Emissaries (Canta Libre Trilogy, #1)
Graham Storrs


First contact was a surprise when it came. A silly, childish message of peace and friendship from a place so far away only Earth’s newest prototype spaceship, the Canta Libre, could reach it – or so people thought.

The UN-led team that went out to represent humanity was mostly scientists and soldiers, led by General Ramirez, and carrying Ambassador Hartmann to the most momentous meeting in human history. But they were not alone. Other teams went too; one led by Petrov, a gang boss with dreams of technological riches and power beyond measure, the other crewing an ancient ark ship the rest of the world had long since forgotten, its mission changed by an unscrupulous government, its half-human captain, Ken Lee, bitter and heartbroken.

Some, like young Kitty Hamilton and drug designer Mike McBain, were dragged into the race for first contact against their will. Others, like Geoffrey Cejka and physicist Susan Iverson were eager participants. But none of them – not even the military robot – would complete the mission unscathed or unchanged. Some wouldn’t complete it at all.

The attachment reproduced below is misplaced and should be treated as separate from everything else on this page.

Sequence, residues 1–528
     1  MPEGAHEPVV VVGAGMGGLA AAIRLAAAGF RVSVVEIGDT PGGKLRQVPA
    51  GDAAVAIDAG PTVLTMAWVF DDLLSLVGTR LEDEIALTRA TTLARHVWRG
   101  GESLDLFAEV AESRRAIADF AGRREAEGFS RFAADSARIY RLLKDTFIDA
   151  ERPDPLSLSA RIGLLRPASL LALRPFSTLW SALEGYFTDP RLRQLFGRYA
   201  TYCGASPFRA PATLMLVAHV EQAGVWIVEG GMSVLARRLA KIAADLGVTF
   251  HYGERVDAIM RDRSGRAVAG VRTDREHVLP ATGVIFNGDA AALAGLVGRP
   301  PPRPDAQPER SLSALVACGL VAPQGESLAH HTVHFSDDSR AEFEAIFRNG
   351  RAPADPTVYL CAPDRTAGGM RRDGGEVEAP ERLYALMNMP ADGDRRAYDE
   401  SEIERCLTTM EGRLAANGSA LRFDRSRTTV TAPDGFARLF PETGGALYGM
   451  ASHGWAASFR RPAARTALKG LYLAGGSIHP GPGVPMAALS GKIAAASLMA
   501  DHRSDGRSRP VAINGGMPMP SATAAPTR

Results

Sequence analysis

Yet, though the struggle to answer the call of the enigmatic aliens would challenge the hapless travellers to the limits of their endurance, and the struggle to be the first to represent humanity would be vicious and deadly, for the survivors, the real struggle was still to come.

Emissaries (Canta Libre Trilogy, #1) book cover

Space opera is a different genre for Storrs, and I must admit, for all that the concept appealed, I wasn’t sure how it was going to work. Edge-of-your-seat thrillers, bewilderingly-engaging time hopping, all these flow from his fingers with unparalleled ease. But how this?

The first thing to impress me was the dedication. I also noted, early on, Storrs penchant for internationalisation (the CAT had a flavor similar to that of the Timesplash universe’s policing group).

Five Chapters in, and we’ve already got a large well of characters, of all conceivable orientations (both political and sexual). The story switches neatly between these groups and tells its story with many of the hallmarks of vintage space opera.

Whilst it’s not a genre I totally embrace, I can see the appeal. Though I firmly feel Storrs is on much more solid ground with his thrillers, I will still be eagerly picking up the next one when it comes out because I know his works are well put-together and there will be a larger story line to enjoy at the end of the trilogy.

Published by Sean Randall

I am an avid reader, technologist and disability advocate living in the middle of England with my wife, daughter and pets.

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